**The Time Series Analysis**

**Problem**

The whole idea of that post was to move the time series past into the data table rows and to apply any traditional data analytics algorithm to predict the future.

For example, if I have daily data

*x(t)*, and I want to use the past 3 days

*x(t-1), x(t-2), x(t-3)*to predict the current data, I need to create a data table with the following structure:

*x(t-3) x(t-2) x(t-1) x(t)*. That is, I need to move the past 3 values of the time series in the same row of the current value

*x(t)*.

Once I have this structure, I can use for example a linear regression and model the target variable (current value)

*x(t)*using its past 3 values

*x(t-3) x(t-2) x(t-1)*. It does not necessarely have to be a linear regression model: any supervised data analytics algorithm with numerical output will do as well.

The project then ended with calculating the distance between the predicted and the original time series as an error measure for the whole procedure. The distance measure we used was a mean root square error, but any distance would have also worked.

**New nodes in KNIME 2.8**

A few things have changed in KNIME since version 2.8, making the work on time series much much easier.

First of all, the

**Lag Column**node has been introduced exactly to perform the first step, i.e. to move the n past values of a time series on the same row as the current value. You just need to specify the Lag (n=3 in this case) in the node configuration window, to move from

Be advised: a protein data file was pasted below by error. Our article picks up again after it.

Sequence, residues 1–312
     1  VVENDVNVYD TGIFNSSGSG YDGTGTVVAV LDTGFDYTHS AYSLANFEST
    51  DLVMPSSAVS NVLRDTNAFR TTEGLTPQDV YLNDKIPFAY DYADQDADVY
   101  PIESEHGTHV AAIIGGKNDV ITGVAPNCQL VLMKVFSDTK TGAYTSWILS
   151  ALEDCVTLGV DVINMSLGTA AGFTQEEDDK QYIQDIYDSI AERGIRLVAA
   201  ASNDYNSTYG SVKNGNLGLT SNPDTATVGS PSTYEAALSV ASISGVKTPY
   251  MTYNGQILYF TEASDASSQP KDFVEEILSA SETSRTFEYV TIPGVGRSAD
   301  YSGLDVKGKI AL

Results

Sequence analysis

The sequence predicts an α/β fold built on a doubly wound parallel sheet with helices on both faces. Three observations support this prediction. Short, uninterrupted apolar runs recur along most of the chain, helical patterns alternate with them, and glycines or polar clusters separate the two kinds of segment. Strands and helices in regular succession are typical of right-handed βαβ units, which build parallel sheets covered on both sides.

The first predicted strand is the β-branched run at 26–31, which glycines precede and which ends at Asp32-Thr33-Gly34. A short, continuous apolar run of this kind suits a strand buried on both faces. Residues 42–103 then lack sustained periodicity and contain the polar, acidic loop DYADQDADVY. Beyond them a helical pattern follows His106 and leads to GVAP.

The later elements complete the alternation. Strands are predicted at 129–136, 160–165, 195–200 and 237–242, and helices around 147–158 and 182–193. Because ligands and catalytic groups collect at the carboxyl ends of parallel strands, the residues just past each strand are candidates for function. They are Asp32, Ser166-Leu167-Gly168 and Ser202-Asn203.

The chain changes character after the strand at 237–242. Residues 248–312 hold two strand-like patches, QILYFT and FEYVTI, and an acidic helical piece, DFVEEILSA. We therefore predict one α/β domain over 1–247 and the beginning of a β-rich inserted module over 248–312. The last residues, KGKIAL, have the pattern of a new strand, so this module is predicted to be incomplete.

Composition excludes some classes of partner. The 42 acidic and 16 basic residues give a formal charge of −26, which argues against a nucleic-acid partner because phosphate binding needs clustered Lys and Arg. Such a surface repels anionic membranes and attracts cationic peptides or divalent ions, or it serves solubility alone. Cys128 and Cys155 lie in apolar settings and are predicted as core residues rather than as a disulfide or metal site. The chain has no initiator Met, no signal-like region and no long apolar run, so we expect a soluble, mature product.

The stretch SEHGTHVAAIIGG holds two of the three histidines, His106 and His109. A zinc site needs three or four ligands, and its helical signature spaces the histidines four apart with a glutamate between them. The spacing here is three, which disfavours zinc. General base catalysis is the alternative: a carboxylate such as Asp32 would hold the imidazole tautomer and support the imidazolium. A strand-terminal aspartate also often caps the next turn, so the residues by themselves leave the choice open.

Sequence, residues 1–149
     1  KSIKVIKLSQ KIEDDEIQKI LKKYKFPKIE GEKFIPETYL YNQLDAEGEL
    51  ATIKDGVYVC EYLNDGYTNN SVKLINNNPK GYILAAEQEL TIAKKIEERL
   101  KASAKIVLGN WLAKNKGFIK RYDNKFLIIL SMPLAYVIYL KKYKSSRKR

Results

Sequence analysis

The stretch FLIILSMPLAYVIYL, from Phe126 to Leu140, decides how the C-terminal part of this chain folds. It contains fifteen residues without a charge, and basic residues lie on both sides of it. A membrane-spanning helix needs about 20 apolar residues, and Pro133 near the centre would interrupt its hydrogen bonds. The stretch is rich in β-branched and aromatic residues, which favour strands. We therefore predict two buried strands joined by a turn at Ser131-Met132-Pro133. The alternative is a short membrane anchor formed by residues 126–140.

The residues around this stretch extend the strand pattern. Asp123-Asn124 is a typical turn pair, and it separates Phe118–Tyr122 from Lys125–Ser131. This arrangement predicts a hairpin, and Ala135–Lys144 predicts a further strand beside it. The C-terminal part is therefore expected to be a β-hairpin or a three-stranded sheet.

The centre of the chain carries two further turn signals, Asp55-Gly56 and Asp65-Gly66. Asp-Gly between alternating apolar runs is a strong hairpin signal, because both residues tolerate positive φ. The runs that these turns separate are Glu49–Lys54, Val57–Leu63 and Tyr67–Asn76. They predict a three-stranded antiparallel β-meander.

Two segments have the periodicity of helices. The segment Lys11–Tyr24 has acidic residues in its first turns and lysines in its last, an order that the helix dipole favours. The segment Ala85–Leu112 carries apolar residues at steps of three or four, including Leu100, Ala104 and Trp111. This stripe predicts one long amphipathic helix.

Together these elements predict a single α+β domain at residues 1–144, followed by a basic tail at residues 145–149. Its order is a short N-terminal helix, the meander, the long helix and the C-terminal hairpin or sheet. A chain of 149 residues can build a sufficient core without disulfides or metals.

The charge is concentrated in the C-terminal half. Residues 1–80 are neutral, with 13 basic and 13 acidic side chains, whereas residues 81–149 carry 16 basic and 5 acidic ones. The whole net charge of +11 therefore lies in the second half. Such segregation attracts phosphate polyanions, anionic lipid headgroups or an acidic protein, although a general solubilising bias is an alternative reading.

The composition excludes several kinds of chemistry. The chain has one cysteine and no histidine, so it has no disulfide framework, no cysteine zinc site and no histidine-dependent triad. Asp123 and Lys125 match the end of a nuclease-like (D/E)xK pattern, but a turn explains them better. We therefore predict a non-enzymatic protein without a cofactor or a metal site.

*x(t)*to

*x(t-3) x(t-2) x(t-1) x(t)*.

This node can also put the current value and any past value side by side. For example, if I have daily data and I want to compare each value with the previous week value, I can set the Lag Interval to 7 in the configuration window and, after execution, I would get the following data table:

*x(t-7) x(t)*. This is particularly useful for periodicity or seasonality correction.

The whole complex metanode used in the old post, to transform the data and make them useful to feed a data analysis algorithm, is made obsolete by the Lag Column node (see figure below).

This node can also put the current value and any past value side by side. For example, if I have daily data and I want to compare each value with the previous week value, I can set the Lag Interval to 7 in the configuration window and, after execution, I would get the following data table: x(t-7) x(t). This is particularly useful for periodicity or seasonality correction. |

KNIME 2.8 has also made the error calculation for time series much easier.

The

**Numeric Scorer**node indeed calculates a few distances (R2, mean absolute error, mean squared error, mean root squared error, mean signed difference) between two time series and makes them available in its View as well as at its output port.

**Conclusions**

In conclusion, now you can run a time series analysis in KNIME with only 3 nodes: a Lag Column node to define the past, a Training/Predictor node to build the model, and a Numeric Scorer to measure the prediction error.